One of the most important books on the environment… for its time. And maybe our time too. Whose to say? Did this help kick off the environmental movement, help to move it along, or something else? Reading it today, 46 years after it was first published, may be a bit behind the times. Some of the predictions didn’t come to pass, as one should always suspect, so is this a sign of progress or a poor reading on what the consequences of various actions were? Once cannot deny that we have made some he One of the most important books on the environment… for its time. And maybe our time too. Whose to say? Did this help kick off the environmental movement, help to move it along, or something else? Reading it today, 46 years after it was first published, may be a bit behind the times. Some of the predictions didn’t come to pass, as one should always suspect, so is this a sign of progress or a poor reading on what the consequences of various actions were? Once cannot deny that we have made some headway in some limited areas when it comes to the environment but there are also so many indicators that we haven’t learned a damned lesson – global climate change, mass extinction, plastic accumulation in the oceans… the list could go on. So what is the use of a book like this to current audiences? A reminder that the problem didn’t start with the current generation and that there were voices earlier warning of problems – maybe not the exact ones Commoner wrote about but problems nevertheless… A good read for a historical understanding of what was going on in the late 60s and early 70s but, as to what to do now, I guess the notion of using natural products instead of chemicals is always good but concerns have changed.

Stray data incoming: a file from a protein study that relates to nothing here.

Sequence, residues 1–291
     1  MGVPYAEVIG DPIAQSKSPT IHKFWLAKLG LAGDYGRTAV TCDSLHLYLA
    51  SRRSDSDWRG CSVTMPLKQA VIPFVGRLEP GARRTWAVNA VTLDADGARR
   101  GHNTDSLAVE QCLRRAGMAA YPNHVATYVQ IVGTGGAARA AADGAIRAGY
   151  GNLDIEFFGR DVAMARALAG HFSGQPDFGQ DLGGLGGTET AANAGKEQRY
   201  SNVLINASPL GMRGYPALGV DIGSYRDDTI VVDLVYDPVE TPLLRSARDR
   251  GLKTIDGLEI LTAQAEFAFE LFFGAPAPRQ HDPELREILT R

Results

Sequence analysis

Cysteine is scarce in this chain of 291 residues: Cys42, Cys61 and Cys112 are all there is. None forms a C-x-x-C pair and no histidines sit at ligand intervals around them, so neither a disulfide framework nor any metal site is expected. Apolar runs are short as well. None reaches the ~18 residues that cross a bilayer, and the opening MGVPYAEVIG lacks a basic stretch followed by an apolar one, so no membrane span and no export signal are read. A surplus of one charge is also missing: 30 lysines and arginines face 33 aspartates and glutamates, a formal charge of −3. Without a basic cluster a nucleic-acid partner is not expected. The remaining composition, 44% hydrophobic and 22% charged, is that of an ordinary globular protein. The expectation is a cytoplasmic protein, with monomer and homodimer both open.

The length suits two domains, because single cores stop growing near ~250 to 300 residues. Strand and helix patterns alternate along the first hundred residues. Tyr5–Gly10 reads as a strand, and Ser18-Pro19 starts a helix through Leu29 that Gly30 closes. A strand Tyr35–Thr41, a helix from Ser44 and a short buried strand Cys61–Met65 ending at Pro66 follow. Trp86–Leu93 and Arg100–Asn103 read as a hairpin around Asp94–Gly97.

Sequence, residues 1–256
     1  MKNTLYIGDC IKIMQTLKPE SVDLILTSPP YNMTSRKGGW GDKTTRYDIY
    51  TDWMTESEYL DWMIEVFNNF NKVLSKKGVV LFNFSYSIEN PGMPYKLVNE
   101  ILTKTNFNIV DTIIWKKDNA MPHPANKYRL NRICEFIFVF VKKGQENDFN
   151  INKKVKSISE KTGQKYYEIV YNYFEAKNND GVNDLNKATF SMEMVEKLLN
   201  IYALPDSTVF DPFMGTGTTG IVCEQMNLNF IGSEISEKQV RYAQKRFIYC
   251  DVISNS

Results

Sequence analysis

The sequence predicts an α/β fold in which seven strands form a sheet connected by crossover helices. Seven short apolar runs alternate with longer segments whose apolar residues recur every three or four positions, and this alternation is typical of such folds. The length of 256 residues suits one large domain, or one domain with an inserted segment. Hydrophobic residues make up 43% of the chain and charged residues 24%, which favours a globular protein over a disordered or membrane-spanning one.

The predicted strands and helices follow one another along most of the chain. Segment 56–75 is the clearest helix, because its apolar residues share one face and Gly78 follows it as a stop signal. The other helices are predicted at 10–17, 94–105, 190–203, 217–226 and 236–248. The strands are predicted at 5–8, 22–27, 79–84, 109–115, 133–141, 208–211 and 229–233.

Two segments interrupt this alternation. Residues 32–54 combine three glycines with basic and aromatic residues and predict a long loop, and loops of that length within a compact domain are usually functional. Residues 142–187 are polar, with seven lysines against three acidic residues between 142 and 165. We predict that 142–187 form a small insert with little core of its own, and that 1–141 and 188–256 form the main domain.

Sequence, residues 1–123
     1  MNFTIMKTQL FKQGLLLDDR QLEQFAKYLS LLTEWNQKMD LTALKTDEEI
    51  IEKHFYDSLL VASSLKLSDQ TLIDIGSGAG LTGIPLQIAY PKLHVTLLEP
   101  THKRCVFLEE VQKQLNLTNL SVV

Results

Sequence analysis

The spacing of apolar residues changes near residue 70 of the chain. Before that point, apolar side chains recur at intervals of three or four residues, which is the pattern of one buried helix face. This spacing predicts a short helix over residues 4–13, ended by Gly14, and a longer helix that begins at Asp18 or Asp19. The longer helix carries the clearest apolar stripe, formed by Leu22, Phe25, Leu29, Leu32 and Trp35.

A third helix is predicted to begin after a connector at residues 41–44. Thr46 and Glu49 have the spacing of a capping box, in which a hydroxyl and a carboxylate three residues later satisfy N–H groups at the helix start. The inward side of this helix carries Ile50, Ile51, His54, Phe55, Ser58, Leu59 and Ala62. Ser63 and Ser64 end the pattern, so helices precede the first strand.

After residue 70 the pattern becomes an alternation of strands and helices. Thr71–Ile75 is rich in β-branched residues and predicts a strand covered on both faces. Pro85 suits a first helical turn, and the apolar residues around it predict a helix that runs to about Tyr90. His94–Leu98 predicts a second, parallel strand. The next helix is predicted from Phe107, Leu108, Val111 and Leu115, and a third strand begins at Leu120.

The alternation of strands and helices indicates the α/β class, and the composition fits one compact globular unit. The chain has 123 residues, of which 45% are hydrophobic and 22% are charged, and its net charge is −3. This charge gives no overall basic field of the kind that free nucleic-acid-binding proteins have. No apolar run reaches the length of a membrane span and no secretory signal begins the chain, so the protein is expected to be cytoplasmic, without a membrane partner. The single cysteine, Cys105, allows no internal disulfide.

8. 4 out of 5

    Moira Mackinnon

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    Adam Orford

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    Alina

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    Eric

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    Marc Breslow

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    Διόνυσος Ελευθέριος

  42. 4 out of 5

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    Henry DeBey

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    Joe Plummer

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    KA

  57. 5 out of 5

    Ellen